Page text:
I have no words to correctly express my emotions. A few would be honored, new responsibility, new attitude, new hope, new-found gratitude, how do I accept such a selfless act, where does my life go from here? I could keep going on and on, but I will tell you about the night we got the call.
Of all things, I was making lunches. I guess I am a true mom and wife. At 11pm Tuesday night, I finished catching up on my Dance Moms DVR shows, I made sure our work-out clothes were in the dryer so they would be ready for bootcamp, and then I walked into the kitchen and started making lunches. I heard my phone ring, no one calls me this late, so I sprinted to my phone. It said BLOCKED call, I have only received these type of calls from my doctors in the past, so I knew something was up. I heard the sweetest voice I had ever heard, it was Tamara, the on-call coordinator. She said who she was and I said, "Oh My God, this is it, Oh my God, you have a liver for me," followed by lots of tears. Tamara said that this is her favorite part of the job and that I needed to go to the ER at St. Luke's for further information. I was waking Paul up at the same time I was on the phone and I asked if I could take a shower. She said it better be quick. Paul hopped up and said that he needed to take a shower too. We enjoy being clean. Paul jumped into the shower and I called my mom! My mom, the one who can't look at me without crying, the one who whispers in my ear how she wishes it was her with cancer instead of me, my mother, the one who taught me how to love, live, laugh, enjoy, cherish, I finally got to call and give her GOOD NEWS. I called my sister and Karen and Aunt Tricia. I had no way of calling John, but my parents did. I sent out a bunch of texts, I cried continuously, I thanked God for every single prayer lifted-up for me these past 7 months, I held Thomas tight, I cried some more, I gasped for air, I laid my life in God's hands, literally. I know how risky this surgery is, there is a risk I might not ever wake-up again, but I had to trust in the Lord with ALL of my heart, no half effort here people. I told Paul and Thomas how much I loved them the whole way up to the hospital. I prayed out loud, cried out, I was at a loss for what to do. We get to the ER and a lady asked me what I needed. I said, "I'm getting a new liver and they told me to check-in here." Wow, I mean how many times in my life will I ever get to say something like that? The lady smiled and took me into a room to sign all my paperwork. I was grinning from ear to ear the entire time. I was sent up to a room and now, my parents, Karen, my sister Tricia, and Heather Schumaker had arrived too. The nurses and staff never said a word about Thomas being there. Thomas stayed awake all night until 0525. He didn't want to miss a thing and I wanted to spend every minute possible with him as well. Soon, Paul's parents arrived too. My cousin Kea Lynn came by, my parent's pastor Rob came by, Blair came by, Paul's sister Mary and husband Todd, Andrea Jewell, Wanda Webber, John and Stefanie Bennett, Deborah and Henry, Kea Lynn came again later with her two boys and husband Tony, Neill, Dr. Rowe, my Pawpaw, Tricia and Booley Hammack, my Aunt Kay and my Aunt Kim all came too. I mean, how lucky am I that so many people came by to hug my neck and tell me that they loved me. I hope I didn't leave anyone out. After getting up to the hospital, I had to wait 24 hours before my liver arrived. So, it was so nice to have a steady stream of visitors come by to pray with me, share with me, and help ease my nerves.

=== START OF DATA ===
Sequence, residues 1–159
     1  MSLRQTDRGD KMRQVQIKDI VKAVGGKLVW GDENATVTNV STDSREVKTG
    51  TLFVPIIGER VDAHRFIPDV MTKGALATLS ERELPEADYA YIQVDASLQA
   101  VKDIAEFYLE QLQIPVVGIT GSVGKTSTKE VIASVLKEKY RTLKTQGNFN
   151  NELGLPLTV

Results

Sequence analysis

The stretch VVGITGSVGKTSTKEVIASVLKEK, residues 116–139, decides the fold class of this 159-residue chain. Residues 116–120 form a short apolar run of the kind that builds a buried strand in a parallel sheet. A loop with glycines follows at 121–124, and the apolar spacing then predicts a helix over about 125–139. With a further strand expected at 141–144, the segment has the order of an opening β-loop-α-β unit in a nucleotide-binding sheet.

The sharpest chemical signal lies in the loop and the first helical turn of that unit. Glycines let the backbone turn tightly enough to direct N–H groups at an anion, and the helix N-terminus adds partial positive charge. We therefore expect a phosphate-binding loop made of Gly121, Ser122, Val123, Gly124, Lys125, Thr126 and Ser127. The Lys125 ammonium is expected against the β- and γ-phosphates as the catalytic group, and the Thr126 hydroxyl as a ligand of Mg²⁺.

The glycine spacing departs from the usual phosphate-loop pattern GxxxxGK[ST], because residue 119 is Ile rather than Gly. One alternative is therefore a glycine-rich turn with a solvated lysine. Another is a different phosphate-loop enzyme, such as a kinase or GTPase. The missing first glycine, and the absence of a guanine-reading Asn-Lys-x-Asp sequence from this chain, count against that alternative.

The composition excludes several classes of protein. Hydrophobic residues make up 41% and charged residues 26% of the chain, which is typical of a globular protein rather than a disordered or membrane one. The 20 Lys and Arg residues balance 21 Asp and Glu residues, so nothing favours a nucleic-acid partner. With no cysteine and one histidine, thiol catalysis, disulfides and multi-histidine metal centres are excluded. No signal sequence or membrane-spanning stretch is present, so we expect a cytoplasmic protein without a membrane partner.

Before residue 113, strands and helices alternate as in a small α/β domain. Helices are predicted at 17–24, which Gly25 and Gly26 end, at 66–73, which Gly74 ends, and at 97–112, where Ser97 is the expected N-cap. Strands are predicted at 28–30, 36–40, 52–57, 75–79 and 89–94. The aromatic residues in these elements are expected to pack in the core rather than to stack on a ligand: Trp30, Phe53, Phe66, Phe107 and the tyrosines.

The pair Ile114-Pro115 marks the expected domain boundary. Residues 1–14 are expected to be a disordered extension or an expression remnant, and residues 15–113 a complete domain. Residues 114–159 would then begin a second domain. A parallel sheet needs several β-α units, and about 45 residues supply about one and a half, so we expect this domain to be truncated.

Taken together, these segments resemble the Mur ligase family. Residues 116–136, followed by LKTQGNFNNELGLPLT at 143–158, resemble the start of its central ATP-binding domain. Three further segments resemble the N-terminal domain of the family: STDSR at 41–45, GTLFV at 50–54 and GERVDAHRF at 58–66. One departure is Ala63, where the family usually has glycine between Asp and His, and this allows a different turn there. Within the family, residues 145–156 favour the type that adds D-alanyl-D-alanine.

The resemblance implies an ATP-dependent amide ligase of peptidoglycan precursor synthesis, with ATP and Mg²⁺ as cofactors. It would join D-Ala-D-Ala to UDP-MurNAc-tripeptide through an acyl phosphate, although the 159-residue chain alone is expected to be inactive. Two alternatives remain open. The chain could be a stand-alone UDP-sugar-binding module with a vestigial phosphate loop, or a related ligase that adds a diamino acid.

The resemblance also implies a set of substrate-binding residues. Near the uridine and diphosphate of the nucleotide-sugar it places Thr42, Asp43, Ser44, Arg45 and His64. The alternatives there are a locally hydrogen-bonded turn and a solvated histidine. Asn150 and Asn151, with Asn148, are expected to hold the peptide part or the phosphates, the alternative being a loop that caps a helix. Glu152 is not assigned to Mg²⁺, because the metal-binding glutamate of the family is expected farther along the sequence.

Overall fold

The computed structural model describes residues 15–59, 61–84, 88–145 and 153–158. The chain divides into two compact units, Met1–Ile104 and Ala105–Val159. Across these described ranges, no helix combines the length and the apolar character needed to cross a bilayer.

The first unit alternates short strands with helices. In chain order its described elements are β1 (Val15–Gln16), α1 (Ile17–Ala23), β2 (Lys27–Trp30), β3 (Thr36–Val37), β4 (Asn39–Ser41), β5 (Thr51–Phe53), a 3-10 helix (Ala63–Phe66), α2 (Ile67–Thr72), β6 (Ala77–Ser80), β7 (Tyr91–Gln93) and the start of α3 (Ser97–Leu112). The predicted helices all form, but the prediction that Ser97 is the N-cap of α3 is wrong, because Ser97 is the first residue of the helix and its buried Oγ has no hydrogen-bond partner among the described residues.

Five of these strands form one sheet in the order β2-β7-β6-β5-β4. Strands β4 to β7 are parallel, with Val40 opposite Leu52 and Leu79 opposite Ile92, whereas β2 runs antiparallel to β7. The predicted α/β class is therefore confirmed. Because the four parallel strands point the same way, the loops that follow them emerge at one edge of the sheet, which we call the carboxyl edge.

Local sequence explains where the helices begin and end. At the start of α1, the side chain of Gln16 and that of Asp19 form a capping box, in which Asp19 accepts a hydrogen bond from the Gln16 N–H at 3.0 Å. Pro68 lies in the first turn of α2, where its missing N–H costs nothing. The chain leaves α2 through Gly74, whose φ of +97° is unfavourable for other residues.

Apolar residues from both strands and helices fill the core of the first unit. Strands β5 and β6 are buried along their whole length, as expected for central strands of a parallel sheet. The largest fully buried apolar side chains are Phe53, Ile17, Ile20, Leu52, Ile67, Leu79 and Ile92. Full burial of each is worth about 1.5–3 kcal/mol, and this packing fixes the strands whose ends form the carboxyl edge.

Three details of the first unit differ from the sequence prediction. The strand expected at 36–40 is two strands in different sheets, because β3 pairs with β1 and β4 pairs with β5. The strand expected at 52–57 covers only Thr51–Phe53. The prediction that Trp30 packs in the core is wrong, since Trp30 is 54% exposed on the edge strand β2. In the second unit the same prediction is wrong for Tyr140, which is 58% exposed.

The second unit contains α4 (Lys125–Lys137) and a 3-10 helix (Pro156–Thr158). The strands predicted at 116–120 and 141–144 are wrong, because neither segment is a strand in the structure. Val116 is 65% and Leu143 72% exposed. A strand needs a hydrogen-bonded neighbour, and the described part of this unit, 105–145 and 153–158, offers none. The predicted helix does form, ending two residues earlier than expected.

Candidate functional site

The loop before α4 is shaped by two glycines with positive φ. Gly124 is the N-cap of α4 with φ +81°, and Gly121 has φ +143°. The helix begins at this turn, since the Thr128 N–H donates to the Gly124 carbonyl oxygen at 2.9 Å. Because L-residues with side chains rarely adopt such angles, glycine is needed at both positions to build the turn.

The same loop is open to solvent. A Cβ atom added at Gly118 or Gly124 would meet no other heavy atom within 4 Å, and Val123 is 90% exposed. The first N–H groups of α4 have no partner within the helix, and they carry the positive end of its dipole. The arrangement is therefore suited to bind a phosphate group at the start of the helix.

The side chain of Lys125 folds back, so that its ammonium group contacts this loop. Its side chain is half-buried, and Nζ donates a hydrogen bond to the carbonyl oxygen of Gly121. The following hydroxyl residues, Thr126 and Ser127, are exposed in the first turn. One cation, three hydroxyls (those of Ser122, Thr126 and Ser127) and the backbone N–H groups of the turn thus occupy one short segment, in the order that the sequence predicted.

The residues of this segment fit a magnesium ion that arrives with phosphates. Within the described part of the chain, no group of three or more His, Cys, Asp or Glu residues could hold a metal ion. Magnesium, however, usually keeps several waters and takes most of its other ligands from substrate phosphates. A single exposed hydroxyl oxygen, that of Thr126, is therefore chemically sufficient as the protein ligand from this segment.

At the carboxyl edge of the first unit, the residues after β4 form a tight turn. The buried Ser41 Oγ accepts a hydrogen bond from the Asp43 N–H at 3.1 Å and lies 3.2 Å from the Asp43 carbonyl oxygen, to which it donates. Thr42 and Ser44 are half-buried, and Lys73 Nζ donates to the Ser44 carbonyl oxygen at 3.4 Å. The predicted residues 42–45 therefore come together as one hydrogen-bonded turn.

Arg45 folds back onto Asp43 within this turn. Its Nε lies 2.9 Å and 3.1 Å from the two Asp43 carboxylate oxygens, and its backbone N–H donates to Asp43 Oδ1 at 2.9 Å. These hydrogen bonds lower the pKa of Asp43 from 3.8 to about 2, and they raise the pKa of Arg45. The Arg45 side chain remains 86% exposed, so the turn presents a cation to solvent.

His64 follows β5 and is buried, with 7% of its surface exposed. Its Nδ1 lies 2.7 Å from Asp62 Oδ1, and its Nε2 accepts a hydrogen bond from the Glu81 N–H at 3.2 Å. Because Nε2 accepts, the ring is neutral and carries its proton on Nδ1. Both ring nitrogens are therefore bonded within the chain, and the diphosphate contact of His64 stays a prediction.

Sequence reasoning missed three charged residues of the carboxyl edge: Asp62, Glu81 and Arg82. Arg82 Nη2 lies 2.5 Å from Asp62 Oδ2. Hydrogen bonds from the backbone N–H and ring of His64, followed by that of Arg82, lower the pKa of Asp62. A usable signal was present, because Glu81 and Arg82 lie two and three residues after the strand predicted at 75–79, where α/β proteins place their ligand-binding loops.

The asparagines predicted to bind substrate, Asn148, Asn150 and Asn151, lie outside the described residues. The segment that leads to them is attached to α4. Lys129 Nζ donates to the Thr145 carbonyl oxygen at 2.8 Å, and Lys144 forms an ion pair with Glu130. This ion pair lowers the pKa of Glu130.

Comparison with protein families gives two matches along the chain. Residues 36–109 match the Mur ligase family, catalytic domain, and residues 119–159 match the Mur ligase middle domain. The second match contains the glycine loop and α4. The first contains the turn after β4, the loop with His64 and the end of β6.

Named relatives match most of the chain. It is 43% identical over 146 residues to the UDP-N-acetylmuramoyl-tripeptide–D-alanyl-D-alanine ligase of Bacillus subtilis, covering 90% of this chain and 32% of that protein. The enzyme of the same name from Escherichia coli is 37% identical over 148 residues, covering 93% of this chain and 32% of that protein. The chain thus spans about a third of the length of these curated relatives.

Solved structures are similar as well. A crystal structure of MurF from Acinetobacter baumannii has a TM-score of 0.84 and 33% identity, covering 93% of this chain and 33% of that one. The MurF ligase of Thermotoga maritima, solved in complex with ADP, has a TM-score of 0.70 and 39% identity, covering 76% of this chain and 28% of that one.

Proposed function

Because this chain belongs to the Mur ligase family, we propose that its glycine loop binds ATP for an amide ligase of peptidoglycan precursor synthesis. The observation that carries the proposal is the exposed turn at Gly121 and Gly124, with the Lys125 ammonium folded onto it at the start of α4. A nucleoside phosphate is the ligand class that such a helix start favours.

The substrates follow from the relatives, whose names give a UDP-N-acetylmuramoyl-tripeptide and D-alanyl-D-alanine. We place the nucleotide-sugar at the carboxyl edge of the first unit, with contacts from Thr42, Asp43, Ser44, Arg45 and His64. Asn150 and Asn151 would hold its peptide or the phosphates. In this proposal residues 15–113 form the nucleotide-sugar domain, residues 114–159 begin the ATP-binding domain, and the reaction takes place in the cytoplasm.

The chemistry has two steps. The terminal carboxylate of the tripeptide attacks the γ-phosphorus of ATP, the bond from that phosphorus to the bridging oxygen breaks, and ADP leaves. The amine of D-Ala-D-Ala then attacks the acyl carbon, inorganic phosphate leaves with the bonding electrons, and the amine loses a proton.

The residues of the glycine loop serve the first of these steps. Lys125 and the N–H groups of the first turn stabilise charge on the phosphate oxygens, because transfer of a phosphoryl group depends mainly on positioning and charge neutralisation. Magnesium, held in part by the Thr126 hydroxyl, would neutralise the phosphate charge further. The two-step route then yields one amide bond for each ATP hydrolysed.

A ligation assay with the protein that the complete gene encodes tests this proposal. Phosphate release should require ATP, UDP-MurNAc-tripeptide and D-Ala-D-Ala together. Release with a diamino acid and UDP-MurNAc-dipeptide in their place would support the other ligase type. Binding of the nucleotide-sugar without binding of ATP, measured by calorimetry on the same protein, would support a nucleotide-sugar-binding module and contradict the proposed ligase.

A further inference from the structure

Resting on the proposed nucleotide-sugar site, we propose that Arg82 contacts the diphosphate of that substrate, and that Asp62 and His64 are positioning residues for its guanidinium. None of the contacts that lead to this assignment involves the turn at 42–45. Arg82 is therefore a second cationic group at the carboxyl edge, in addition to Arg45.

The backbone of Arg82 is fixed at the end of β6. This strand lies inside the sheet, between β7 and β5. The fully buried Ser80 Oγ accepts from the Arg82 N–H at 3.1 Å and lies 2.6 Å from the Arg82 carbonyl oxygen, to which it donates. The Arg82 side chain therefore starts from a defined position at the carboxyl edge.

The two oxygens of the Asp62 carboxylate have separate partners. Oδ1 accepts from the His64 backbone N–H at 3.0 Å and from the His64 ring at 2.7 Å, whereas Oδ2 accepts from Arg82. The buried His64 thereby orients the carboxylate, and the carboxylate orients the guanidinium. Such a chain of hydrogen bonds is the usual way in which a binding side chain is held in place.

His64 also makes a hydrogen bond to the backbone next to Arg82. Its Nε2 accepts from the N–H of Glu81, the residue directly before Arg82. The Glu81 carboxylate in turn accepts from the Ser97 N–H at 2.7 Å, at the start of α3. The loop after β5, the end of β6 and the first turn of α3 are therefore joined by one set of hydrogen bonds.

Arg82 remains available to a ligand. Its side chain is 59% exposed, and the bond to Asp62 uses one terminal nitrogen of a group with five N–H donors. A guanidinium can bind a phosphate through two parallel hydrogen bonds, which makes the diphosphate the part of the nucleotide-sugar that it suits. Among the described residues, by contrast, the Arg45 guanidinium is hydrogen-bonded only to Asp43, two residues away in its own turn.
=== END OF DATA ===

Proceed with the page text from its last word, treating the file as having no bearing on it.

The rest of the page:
So, I don't know if any of you reading have had a "moment" with Jesus, but I had a few. I mean, what do you say to your Maker at a time like this? The coordinator called back to say that my surgery would be at 0200 or 0215 Thursday morning, February 23, 2012, my NEW DAY. Wheeling me back, Thomas stayed asleep on my chest, this whole process at St. Luke's put the patient first, my baby was in my arms up until we reached the double doors of the operating room. My entire family was by my side and able to hug my neck and kiss me, oh, I hoped I would kiss them again. The sweet nursing assistant rolled me to the room and I could see my doctors. We waited outside while the anesthesia people explained all the lines they would be putting in my body, I signed some papers, I cried, I prayed, I started succombing to fear. The nursing assistant said a prayer with me and wheeled me into the room. I transferred onto the operating room table, and then a person walked in with my liver in the most beautiful turquoise blue cooler I have ever seen. There was my new chance, my answered prayer, my gift, my ability to raise my son, my testimony, my LIVER. I started thinking, "I can't do this, I can't do this, I don't deserve this, I don't deserve this, it is going to hurt, it is going to hurt, I want off this table, help me, stop this, get me off this roller coaster." My anesthesiologist must have noticed the increase in my heart rate and put a mask over my face and told me to start breathing in big breaths, 6 breaths later, I was out like a light. I was exposed, naked from skin to soul, helpless, but hopeful. God, thank you for everything, that was my last thought, thank you.